Tuesday, June 21, 2011

Scala final version released: programming language with parallel features for Java VM

UPDATE: Scala has replaced 2.9.0 as it hot-fixed several important bugs.

Scala 2.9.0 final:

We are happy to announce the release of the new stable release of the Scala distribution. The new Scala 2.9.0 final is available from our Download Page. The Scala 2.9.0 codebase includes several additions, notably the new Parallel Collections, but it also introduces improvements on many existing features, and contains many bug fixes.

Scala 2.9.0 binaries are available for the following libraries:

Of course.

Here are some recommended learning resources on Scala programming language:

Also, the Typesafe Stack is also out, which brings together Scala, Akka, and a few other things to get one up-and-running quickly. Much fun.

On the collection side of things, one of the first questions I saw was: do parallel collections share a common interface with standard collections. The answer is yes, they do, but not one that existed in 2.8.1.

You see, a trouble with parallel collections is that, now that they are available, people will probably be passing them around. If they could be passed to old code -- as it was briefly contemplated -- that old code could crash in mysterious ways. In fact, it happens with REPL itself.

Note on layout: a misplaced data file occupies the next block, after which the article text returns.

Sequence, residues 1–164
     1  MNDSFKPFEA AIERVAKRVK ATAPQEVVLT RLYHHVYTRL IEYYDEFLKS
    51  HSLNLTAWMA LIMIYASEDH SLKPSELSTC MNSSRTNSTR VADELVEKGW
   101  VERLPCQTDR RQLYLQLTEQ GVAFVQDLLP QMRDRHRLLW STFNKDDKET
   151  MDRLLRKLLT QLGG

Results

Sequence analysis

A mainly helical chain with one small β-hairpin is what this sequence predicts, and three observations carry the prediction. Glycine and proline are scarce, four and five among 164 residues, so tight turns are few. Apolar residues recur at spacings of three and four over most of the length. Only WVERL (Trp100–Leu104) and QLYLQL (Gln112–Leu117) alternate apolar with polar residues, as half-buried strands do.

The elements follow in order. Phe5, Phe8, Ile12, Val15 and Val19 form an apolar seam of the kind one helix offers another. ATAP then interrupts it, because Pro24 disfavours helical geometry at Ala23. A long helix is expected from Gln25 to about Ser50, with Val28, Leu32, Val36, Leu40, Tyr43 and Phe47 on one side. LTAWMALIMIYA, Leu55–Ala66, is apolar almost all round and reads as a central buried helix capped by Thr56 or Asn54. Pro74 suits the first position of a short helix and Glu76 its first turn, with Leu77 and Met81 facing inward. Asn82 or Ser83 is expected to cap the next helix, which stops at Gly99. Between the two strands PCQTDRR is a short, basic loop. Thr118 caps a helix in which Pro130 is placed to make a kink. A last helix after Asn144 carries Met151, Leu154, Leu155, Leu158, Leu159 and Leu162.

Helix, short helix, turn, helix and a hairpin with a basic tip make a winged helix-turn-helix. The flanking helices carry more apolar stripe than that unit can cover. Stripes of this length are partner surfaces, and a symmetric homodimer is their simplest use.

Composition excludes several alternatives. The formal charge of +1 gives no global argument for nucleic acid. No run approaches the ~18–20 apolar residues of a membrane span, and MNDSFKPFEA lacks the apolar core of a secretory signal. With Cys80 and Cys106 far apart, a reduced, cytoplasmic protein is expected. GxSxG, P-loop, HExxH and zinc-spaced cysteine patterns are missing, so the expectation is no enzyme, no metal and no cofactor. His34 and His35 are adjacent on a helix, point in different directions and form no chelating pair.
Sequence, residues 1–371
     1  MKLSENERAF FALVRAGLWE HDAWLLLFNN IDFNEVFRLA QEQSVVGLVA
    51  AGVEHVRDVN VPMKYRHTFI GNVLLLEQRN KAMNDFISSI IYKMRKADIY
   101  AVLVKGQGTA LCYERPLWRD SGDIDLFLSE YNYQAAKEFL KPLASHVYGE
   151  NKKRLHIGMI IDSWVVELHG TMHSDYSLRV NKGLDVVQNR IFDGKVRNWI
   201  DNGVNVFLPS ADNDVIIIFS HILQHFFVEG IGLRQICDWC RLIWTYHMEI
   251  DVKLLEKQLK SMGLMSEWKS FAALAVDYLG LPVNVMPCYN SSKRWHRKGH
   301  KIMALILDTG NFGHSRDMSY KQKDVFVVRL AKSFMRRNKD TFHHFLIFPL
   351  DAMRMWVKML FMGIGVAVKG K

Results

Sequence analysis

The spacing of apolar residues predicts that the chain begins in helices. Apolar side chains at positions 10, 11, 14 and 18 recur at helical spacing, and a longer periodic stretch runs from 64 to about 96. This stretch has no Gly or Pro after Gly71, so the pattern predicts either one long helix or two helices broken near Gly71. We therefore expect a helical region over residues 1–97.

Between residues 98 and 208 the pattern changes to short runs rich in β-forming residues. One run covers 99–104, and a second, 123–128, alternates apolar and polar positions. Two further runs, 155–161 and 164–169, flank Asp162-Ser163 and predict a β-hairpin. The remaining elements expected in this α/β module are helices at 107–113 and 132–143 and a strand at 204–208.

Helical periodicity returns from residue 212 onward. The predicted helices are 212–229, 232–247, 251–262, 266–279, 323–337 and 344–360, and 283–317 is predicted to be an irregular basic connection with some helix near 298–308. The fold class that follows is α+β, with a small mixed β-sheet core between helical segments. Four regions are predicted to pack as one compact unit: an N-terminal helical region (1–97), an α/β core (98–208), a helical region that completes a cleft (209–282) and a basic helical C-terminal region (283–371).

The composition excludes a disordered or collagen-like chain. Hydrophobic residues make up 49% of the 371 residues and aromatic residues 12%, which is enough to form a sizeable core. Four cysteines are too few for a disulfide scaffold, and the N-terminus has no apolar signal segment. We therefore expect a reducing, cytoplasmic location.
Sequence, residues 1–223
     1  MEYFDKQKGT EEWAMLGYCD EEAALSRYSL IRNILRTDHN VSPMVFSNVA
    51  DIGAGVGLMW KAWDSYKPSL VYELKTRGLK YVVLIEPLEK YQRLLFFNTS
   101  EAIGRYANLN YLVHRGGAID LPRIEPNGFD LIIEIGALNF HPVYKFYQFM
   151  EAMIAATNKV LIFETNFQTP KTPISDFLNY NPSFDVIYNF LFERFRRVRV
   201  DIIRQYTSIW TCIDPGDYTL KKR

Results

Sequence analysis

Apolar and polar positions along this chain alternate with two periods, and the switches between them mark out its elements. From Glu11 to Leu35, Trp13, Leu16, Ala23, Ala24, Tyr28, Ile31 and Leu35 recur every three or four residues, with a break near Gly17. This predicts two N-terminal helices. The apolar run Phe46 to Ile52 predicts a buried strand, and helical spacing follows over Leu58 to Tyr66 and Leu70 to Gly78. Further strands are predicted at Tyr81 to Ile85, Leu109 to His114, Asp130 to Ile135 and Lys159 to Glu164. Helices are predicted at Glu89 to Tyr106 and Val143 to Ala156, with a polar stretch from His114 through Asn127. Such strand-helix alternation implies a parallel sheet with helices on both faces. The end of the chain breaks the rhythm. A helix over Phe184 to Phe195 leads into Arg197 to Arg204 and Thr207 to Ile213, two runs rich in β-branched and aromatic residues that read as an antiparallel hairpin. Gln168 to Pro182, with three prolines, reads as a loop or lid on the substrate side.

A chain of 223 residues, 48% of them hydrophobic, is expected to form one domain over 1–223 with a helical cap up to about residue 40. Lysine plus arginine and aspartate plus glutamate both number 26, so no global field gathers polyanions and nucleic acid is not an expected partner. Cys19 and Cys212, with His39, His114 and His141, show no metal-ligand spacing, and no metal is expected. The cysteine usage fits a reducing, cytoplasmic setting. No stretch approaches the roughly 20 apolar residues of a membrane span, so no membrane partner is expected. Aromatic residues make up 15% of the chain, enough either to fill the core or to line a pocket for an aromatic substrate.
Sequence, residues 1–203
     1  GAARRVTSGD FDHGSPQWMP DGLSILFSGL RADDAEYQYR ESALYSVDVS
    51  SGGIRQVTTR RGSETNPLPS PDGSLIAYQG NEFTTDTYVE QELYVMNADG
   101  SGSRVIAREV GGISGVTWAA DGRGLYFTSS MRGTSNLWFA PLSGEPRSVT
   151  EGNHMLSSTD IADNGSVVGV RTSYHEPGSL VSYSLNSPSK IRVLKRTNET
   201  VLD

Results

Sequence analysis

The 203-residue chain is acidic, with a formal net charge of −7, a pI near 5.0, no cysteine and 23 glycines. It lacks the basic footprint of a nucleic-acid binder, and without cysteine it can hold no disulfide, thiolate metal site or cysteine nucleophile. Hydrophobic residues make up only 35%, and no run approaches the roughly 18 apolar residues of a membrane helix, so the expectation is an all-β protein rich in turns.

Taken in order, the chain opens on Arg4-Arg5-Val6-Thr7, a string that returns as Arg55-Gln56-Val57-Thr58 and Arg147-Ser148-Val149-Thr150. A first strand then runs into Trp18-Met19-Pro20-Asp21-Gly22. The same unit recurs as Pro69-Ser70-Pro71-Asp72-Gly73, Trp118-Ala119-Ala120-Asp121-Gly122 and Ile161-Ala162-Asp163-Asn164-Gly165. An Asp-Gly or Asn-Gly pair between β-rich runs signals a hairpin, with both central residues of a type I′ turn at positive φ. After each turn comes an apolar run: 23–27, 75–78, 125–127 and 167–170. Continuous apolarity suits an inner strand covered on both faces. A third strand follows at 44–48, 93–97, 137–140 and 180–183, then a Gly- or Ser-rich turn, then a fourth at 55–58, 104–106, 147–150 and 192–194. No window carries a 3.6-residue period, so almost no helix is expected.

For that reason, ALL of your code comes with a guarantee that it will only accept sequential collections. In other words, Iterable, Seq, Set, etc, they all now share a guarantee to be sequential, which means you cannot pass a parallel sequence to a method expecting Seq.

The parallel collections start with Par: ParIterable, ParSeq, ParSet and ParMap. No ParTraversable for now. These are guaranteed to be parallel. They can be found inside scala.collection.parallel, scala.collection.parallel.immutable, etc.

You can also get a parallel collection just by calling the ".par" method on it, and, similarly, the ".seq" method will return a sequential collection.

Now, if you want your code to not care whether it receives a parallel or sequential collection, you should prefix it with Gen: GenTraversable, GenIterable, GenSeq, etc. These can be either parallel or sequential.

And, now, something fun to try out:

def p[T](coll: collection.GenIterable[T]) = coll foreach println; p(1 to 20); p((1 to 20).par)


I highly recommend the following books for more information about Scala programming language:



Copied mostly verbatim from this announcement and that announcement.

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